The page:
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The role of technology in Public Inquiries

23 May 2024

Public Inquiries are known for requiring a high volume of documentation. We explore the role that technology can play in ensuring that key documents are reviewed and acted upon effectively and efficiently at every stage. 

It is well known that Public Inquiries and indeed most independent investigations are document heavy. Often the period under investigation takes place over a number of years, involved multiple parties and comprises terabytes of data.

When people are involved in a public inquiry for the first time, what often surprises them is the sheer volume of information they need to digest and understand in order to play their part in the inquiry. Nowadays this might include not only written documents but diverse communication and collaboration tools like WhatsApp, Teams, Slack and SharePoint alongside audio, video and a wide range of other sources.

Responding to an inquiry within a tight deadline can be daunting when faced with such a significant amount of information. However, emerging technologies can play an important part in streamlining the process enabling you to respond appropriately and with full knowledge of the most important facts surrounding the inquiry.

It's important to point out from the outset, that the use of technology in the public inquiry process doesn't involve taking shortcuts and nor does it mean that specialist legal professionals are replaced by such technology. However, when work is managed and overseen by experienced legal professionals, with knowledge of the public inquiry process, the right technology will safely alleviate burden, increase accuracy and efficiency whilst surfacing the most impactful information earlier.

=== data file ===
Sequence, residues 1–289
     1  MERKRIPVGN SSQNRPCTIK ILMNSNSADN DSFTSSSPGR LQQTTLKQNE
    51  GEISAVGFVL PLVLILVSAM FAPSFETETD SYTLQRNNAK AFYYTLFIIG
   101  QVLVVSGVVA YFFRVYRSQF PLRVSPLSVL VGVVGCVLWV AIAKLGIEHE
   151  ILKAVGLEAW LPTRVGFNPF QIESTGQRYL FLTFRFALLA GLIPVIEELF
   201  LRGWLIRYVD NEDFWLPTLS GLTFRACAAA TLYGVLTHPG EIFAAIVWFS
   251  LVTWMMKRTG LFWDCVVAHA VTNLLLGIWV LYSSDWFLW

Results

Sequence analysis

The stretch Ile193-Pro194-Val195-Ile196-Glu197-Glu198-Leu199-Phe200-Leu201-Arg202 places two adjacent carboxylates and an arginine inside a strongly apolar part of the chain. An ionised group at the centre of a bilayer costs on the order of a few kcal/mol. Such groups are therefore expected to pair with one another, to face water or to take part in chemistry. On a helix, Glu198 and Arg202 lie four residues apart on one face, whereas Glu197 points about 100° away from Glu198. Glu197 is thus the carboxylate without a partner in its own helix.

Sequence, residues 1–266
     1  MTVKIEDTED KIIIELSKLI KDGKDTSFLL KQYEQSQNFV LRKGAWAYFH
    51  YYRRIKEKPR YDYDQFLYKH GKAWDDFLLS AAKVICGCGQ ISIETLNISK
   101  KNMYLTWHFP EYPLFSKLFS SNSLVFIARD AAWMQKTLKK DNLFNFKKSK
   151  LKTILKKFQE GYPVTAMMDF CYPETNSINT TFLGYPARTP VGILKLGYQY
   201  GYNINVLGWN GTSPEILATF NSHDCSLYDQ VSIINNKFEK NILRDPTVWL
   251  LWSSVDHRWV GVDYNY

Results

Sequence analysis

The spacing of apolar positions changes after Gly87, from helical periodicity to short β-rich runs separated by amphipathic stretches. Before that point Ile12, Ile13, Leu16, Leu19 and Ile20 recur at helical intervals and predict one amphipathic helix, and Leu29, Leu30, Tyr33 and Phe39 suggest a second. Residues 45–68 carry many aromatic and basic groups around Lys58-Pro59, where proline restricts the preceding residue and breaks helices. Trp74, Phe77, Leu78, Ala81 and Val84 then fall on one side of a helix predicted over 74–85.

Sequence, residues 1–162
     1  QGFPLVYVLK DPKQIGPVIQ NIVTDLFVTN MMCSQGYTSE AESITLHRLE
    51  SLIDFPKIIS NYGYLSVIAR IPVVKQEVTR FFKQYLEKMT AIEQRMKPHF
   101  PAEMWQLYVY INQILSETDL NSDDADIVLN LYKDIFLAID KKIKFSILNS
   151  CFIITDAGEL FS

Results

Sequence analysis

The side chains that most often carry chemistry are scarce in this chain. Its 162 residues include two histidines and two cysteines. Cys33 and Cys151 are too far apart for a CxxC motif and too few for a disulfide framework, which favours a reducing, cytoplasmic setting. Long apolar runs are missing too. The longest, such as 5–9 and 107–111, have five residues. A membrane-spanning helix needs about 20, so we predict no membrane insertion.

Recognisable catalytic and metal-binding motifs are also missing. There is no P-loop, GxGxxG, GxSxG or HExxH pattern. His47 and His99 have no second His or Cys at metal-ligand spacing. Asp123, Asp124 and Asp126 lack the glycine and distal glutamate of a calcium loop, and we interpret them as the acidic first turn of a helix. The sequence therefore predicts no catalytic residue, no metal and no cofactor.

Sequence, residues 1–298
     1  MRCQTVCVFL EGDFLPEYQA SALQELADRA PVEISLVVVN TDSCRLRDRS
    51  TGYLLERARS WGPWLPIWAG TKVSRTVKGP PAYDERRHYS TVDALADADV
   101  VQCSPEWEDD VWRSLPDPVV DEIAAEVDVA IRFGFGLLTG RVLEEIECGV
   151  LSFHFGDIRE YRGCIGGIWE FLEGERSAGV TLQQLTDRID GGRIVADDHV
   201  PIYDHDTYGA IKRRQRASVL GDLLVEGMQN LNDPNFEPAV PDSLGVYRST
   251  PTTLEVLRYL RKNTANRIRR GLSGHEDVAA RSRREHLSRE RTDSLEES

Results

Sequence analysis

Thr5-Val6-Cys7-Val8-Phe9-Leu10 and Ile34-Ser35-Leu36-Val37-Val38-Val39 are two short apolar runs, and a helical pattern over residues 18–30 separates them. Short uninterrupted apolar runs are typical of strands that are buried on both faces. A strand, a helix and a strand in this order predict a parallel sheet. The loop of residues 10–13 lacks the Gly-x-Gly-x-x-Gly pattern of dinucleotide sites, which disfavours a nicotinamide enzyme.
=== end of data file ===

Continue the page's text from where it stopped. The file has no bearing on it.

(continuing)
Technology can play a part in both the process of understanding the background information provided by the inquiry team and also the submission of any documents requested by them. The activities carried out by the technology can include:

  • Identifying the relevance and conceptual nature of documents at scale, surfacing conceptually similar documents and areas of complexity such as confidential, privileged or personal information
  • Analysing and reporting on information in a consistent, unified manner across a wide range of sources including audio, video and diverse communication and collaboration tools.
  • Collecting, categorising and summarising data to support the inquiry in a secure and compliant manner
  • Identifying – and where necessary redacting – sensitive or confidential data within documents 

Elements of artificial intelligence and automation are used to support legal specialists and clients throughout their preparation and response to the inquiry. The technology ensures that the work of the legal specialists involved in each matter is focused on the most important sources of information first. This helps make the best use of their time and delivers the best possible return on their legal skills and expertise.

Given the complex and specific nature of public inquiries, work should still be  quality checked by qualified legal specialists, but as the above examples demonstrate, some parts of the process lend themselves quite effectively to a degree of automation.

As technology continues to improve, year-on-year it's now important for all parties that it is used to make legal processes more effective within the tight deadlines that are imposed. The public inquiry process is necessarily very thorough and with inquiries now generating regular media coverage, it has never been more important to get things right.

With the right balance of technical sophistication and manual intervention from experienced legal specialists, technology enables clients to promptly provide only the most insightful information, protecting the public purse from undue burden and helping clients achieve cost effective, favourable outcomes from public inquiries.

Contact us if you'd like to know more about any aspect of the public inquiry process, including the role that technology plays in supporting our clients at every stage.

Further Reading